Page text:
Gabe Newell: 'Hooray! Valve's going to start shipping games again'

Isaac Cain
March 10, 2018

It's odd to finally come to a time when Gabe's company is developing more games, and for the news to feel so underwhelming. If there was only space for one card game, then this would be Valve trying to take the crown from Hearthstone, Blizzard's hugely successful CCG. They are also in charge of Steam, the biggest digital distribution platform on the PC dedicated to video games. Newell's statement doesn't clarify if there are projects in the works beyond those games, but nature of the statement does seem to indicate that there are things coming we don't yet know about.

It should be noted Newell didn't say anything about Half-Life 3, so... He's also mentioned three more VR games on the way.

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"We've always been a little bit jealous of companies like Nintendo". Steam is the go to gaming client for PC gamers and when the Steam application was put into hardware form with the consoles,'s safe to say that Newell and the team's focus shifted from software to a more hardware-centric bottom line. "He can introduce new capabilities like motion input because he controls both of those things". Newell did confirm back in January 2017 during his Reddit AMA that the company is working on fully-fledged single-player games. We can design chips if we need to, we can do industrial design, and so on. "So that is something we've been jealous of, and that's something that you'll see us taking advantage of subsequently". "We aren't going to be talking about it today", he said, "but sort of the big thing, the new arrow we have in our quiver, really, is our ability to develop hardware and software simultaneously". Sure, that means a solid level of production quality when the game eventually releases, but future releases are probably still at least half a decade a way based on Valve's standard development speed.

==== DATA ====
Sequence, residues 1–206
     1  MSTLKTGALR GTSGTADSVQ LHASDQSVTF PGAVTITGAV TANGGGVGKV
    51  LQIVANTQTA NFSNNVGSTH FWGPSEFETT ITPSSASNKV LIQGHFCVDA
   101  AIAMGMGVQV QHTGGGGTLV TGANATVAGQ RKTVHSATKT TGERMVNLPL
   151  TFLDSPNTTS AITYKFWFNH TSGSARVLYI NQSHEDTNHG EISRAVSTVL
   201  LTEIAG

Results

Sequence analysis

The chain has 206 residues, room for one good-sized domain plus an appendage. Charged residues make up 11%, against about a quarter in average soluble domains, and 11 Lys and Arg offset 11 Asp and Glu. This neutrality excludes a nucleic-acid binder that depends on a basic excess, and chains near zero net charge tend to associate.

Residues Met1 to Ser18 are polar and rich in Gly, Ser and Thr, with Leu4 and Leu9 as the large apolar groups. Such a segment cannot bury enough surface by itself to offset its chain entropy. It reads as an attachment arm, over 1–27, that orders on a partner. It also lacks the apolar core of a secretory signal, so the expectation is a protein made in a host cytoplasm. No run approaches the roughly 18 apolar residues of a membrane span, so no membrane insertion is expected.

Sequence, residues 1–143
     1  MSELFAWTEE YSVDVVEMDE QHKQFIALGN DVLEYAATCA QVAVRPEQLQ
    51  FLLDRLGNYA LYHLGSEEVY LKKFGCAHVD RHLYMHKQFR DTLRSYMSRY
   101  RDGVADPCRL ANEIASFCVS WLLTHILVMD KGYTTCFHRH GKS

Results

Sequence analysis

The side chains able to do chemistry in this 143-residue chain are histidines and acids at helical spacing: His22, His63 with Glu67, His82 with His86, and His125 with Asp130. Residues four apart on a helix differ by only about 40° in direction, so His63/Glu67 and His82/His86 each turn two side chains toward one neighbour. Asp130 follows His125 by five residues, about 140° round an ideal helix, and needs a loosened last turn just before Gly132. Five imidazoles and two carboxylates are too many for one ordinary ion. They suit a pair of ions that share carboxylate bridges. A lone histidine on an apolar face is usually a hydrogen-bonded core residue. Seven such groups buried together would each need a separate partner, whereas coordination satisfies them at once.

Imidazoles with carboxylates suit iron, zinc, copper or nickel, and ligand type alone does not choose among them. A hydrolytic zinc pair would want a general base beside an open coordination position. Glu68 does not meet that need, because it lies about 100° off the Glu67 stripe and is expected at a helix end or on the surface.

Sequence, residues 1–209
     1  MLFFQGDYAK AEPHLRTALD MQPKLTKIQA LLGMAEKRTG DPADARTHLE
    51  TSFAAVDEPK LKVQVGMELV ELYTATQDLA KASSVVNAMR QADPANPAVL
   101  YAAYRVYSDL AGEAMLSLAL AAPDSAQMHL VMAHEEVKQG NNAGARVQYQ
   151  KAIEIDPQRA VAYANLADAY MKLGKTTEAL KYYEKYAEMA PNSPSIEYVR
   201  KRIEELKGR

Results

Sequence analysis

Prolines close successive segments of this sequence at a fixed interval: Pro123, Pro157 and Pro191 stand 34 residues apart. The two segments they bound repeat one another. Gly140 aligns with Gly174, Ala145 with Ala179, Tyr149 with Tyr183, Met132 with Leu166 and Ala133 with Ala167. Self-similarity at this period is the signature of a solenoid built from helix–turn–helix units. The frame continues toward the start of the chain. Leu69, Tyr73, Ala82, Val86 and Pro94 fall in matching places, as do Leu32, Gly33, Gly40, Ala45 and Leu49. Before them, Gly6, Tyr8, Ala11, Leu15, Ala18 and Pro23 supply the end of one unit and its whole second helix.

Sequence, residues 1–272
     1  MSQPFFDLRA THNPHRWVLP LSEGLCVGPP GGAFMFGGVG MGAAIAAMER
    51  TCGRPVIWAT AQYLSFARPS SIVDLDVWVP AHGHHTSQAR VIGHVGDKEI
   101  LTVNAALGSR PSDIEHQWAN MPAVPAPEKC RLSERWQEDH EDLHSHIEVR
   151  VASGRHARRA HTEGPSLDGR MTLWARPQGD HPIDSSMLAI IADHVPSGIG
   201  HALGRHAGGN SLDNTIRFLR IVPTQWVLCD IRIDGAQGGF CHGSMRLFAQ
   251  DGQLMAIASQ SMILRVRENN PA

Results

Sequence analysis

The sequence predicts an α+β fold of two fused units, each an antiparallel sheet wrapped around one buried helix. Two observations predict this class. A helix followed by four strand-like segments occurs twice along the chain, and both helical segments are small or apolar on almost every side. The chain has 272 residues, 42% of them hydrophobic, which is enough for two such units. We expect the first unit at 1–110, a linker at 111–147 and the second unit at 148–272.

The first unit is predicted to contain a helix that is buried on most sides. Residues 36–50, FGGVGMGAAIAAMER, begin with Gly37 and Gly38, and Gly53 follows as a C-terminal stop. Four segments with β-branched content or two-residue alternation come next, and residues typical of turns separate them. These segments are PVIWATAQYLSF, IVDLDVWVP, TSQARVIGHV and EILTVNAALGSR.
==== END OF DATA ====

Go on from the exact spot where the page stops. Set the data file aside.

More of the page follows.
As for Artifact, reports from the recent presentation reveal that it has incredible production values, will not be a free-to-play (or, according to Newell, pay-to-win), features some unique mechanics not seen in any other card game, and has been secretly designed by Magic the Gathering creator, Richard Garfield.

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